* Individuals. They are the largest source of funding for nonprofit organizations. According to Giving USA, total charitable giving in the U.S. reached more than $303 billion in 2009, and 75% came from individuals.
* Corporations give in order to get…exposure, publicity, and community respect. Their funding is sporadic and tends to revolve around particular campaigns, events, and projects. Corporate funding can be a good source of support for new initiatives, special programs, and special events. Look for opportunities to form partnerships for sponsorships.
* Federal, State and Local Governments. Federal, state, and local government grants fund many programs provided by nonprofits, especially in areas such as ecnomic development.
* Federated Funds such as United Ways, United Arts, etc., can be steady sources of relatively large amounts of money to well established nonprofit organizations.
* Grantmaking Public Charities. These organizations are a cross between a private foundation and a charity. They typically receive funding from the general public, government, and private foundations. They may do public service, but primarily raise funds and provide grants to charitable nonprofits that provide direct service. You can find many such grantmaking public charities in your local area.
* Foundations come in various sizes and types.
Private Foundations include:
1. Corporate Foundations – private foundations, but their boards are often made up of corporate officers. Their endowment funds are separate from the corporation and they have their own staff.
2. Family Foundations – receive endowments from individuals or families. Examples of family foundations are: Gates Foundation, Rockefeller Foundation, and Ford Foundation. These family foundations have endowments in the billions, but most family foundations are much smaller, tend to fund locally, and often have little to no professional staff.
3. Community Foundations – public foundations that pool the assets of many donors. They work to improve their communities through grant-making, awarding scholarships, and providing services to donors. Community Foundations have become very active in providing donor-advised funds for donors who want to become more purposeful in their giving but don’t want to set up their own private foundations.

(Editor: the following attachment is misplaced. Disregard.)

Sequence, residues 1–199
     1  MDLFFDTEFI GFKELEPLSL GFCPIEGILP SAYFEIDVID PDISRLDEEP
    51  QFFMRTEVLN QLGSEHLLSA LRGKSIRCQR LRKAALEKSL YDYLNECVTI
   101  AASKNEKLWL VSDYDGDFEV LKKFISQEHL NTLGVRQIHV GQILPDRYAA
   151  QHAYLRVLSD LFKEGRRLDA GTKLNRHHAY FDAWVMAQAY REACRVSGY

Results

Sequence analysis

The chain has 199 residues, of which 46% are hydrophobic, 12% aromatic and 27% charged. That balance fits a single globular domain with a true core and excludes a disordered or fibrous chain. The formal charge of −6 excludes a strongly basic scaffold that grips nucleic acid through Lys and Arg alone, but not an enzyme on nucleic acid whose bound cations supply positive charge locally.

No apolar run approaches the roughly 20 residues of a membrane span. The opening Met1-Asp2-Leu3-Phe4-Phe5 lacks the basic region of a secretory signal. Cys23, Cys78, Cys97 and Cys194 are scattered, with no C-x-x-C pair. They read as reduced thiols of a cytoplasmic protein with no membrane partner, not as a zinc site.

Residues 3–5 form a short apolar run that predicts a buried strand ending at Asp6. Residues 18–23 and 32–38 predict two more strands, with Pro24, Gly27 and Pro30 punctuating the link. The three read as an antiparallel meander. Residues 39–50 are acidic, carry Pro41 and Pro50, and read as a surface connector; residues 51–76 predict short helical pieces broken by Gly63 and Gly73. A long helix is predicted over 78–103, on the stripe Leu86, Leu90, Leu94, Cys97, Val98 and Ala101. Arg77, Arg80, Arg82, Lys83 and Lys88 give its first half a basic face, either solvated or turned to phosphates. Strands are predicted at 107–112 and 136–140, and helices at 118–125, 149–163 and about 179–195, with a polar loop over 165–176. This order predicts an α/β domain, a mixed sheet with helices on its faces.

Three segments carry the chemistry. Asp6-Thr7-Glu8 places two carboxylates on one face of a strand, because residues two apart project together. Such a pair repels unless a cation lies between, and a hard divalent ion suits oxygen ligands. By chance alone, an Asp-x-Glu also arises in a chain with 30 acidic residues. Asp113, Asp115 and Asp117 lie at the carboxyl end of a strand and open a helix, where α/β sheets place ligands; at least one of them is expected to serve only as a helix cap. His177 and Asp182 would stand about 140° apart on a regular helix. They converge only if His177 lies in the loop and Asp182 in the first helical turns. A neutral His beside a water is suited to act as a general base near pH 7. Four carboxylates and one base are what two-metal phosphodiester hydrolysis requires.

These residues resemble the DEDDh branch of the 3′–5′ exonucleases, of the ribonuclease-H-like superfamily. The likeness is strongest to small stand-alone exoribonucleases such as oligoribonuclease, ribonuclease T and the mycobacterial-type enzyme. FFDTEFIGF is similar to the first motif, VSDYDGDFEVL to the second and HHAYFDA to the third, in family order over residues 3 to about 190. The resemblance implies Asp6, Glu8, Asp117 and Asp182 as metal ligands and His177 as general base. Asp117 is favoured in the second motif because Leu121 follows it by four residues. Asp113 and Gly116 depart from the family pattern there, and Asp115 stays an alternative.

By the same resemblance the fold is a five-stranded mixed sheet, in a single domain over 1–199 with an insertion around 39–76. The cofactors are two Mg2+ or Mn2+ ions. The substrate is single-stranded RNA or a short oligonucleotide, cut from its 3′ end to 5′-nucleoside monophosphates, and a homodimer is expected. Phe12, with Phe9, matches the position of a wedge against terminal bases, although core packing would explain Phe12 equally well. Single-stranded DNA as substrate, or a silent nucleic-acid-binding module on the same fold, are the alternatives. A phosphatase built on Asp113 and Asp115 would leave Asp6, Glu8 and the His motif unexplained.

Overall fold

Ongoing support is usually gained through:
* The Annual Fund. An annual appeal to a core group of constituents. Such funds are usually available for any use, and may represent a large percentage of your annual income.
* Sales of Products and Services. Some non-profits or provide services that can represent a substantial income stream. For example, the Girl Scouts has an annual Girl Scout cookie sale and Goodwill Industries is probably the largest nonprofit retailer. Earned income must be related to the mission of the organization, or it can be taxed as unrelated business income.
* Multi-Year Grants. A grant-giving organization such as a foundation may provide restricted funding for a particular project or program, or unrestricted funding to help cover the overhead costs of running the organization.
* Endowment Income. Many large nonprofits, such as higher education institutions and healthcare organizations, build up large endowment funds that produce interest that is used to support the organization.
Episodic funding can come from foundation or corporate grants or special events. These funds may be restricted to one purpose or devoted to unrestricted use by the nonprofit.
Two Special Types of Fundraising
Two types of funding fall outside the scope of ongoing and episodic methods and include a wide range of sources.
* The Capital Campaign. A capital campaign is a multi-year fundraising campaign with a particular goal such as:
* funding a new building
* raising funds for a particular project, such as cancer research
* increasing a particular asset such as an endowment
* Planned Giving. Most nonprofits now have planned giving programs which enable a donor to confer a gift at the time of his/her death or to give a large gift immediately while receiving income during the donor’s life.
A good fundraising plan will include a balance of these techniques and sources. Establishing unrestricted, ongoing funding is the most important, followed by other funding that will grow the organization.
Karmen A. Booker is an Attorney, Business Consultant and Owner of Compu-Perfect Professional Services, a business consulting firm specializing in Business Entity Formation (Corporations, Limited Liability Companies, and Nonprofit Corporations), Completing 501(c)(3) Federal Tax Exemption Applications, Grant Research and Writing services, and more.
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